According to a recent article published in Reuters (Feb. 2, 2010), being diagnosed with prostate cancer roughly doubles the risk of suicide or death from a heart attack.  A team of researchers from Harvard and Brigham & Women’s Hospital in Boston looked at data from 340,000 prostate cancer patients between 1979 and 2004.  While this particular study found that the elevated suicide risk of patients in this database has decreased since PSA screening became standard practice in 1993, there is still an increased risk of death from heart attacks and strokes.  However, a study in Sweden last month by the same team, did find an elevated suicide risk associated with PSA testing.

The stress of prostate cancer diagnosis alone has its own risks.  If you or a loved one is diagnosed with prostate cancer, please be aware that many options are available to you.  Most importantly, you need to discuss your situation with family, loved ones and physicians to help get through this difficult time. Do not try to go through it alone.

The Prostate Cancer Foundation of Chicago offers a support group the first Wednesday of every month to those who have prostate cancer. The support group meetings are from 7:00-9:00 pm at the Chicago Prostate Cancer Center, 815 Pasquinelli Drive, Westmont, Illinois  60559.

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2 Independent Studies Released on the Effectiveness of Brachytherapy for the Treatment of Prostate Cancer

Westmont, IL, August 27, 2009 – For years, the debate has been ongoing regarding the best treatment method for prostate cancer patients.  Now, two independent studies have reached similar conclusions. Already considered a good option for prostate cancer patients, brachytherapy (radiation seed implants) now has the backing of research from The Prostate Cancer Foundation of Chicago and The Taussig Cancer Center at Cleveland Clinic, proving a superior disease-free survival rate for patients with early stage prostate cancer.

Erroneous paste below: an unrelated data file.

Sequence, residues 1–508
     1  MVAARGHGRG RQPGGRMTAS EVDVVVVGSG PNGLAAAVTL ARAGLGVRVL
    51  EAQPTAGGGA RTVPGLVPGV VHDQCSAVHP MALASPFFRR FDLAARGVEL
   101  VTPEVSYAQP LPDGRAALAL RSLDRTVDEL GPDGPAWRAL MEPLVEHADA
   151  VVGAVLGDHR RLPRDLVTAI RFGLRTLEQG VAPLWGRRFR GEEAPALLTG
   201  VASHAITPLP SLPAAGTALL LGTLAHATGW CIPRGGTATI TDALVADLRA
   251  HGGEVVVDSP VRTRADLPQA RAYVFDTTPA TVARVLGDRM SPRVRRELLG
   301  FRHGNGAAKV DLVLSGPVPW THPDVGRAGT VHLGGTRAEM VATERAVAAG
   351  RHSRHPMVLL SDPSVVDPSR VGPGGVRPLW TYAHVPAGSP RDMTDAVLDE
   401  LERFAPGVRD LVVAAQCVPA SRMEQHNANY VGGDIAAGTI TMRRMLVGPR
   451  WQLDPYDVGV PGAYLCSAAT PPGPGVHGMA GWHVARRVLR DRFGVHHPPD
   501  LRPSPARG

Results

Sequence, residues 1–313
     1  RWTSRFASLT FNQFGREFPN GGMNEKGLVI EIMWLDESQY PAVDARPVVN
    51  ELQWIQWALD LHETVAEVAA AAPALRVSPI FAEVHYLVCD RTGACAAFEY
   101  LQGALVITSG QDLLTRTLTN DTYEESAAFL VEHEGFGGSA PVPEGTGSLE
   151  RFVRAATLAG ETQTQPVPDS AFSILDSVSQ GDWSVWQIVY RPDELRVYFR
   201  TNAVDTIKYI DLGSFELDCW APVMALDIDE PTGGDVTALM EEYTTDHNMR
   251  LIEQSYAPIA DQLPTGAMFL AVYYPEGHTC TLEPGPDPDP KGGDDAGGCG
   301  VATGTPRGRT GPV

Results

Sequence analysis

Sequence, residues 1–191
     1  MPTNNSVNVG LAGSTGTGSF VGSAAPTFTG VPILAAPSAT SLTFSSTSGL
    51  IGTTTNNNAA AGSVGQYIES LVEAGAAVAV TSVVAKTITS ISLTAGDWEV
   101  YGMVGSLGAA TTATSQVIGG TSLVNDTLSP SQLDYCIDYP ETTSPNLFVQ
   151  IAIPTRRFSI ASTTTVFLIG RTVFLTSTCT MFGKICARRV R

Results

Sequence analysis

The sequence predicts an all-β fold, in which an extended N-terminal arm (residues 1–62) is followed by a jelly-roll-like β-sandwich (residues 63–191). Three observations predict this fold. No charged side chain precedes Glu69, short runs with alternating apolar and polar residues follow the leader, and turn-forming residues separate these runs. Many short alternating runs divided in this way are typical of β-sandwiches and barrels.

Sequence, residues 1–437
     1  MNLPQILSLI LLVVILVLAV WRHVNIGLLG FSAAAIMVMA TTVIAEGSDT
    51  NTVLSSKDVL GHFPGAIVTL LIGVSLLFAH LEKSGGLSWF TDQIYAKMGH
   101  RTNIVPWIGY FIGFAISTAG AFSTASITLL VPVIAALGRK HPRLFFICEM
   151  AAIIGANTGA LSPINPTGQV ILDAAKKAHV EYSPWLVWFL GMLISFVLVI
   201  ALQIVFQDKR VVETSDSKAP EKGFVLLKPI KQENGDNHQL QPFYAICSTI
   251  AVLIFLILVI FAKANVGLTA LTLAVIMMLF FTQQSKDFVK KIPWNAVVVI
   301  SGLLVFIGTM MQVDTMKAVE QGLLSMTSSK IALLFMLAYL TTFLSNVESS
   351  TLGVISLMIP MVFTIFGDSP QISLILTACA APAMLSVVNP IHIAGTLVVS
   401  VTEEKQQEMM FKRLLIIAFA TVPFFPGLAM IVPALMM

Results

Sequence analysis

In an eleven-year study, the Prostate Cancer Foundation of Chicago, a non-profit organization that funds patient support programs, clinical research and public education, analyzed 9,137 patients treated for prostate cancer at the Chicago Prostate Center in Westmont, Il.  From October 1997 to October 2008, patients underwent prostate brachytherapy to treat their cancer.   67.5% of the patients were regarded as low risk, 29.36% as intermediate risk, and 1.01% as high risk.

Of those patients, overall cure rates were 96%, 84%, and 75% for low, intermediate, and high risk patients, respectively. When combined with external beam radiation therapy in intermediate and high risk patients, the brachytherapy results far exceed those of surgery.

The Taussig Cancer Center at The Cleveland Clinic has released their similar 2008 outcomes, demonstrating brachytherapy to be superior to surgery in all cases.  For low risk prostate cancer patients, the study found a 95% survival rate after five years; intermediate risk an 89% rate; high risk 71%.  This research concluded that, for low risk patients, brachytherapy was equally successful as external beam radiation, but more successful than a radical prostatectomy.

Michelle Braccioforte, Research Director at the Prostate Cancer Foundation of Chicago, explains, “There is a misconception that removing the prostate completely results in 100% cure, which is not true.  Not any one treatment is ever 100% successful, but brachytherapy has excellent cure rates, is a one-time, outpatient procedure, and is the most cost-effective.”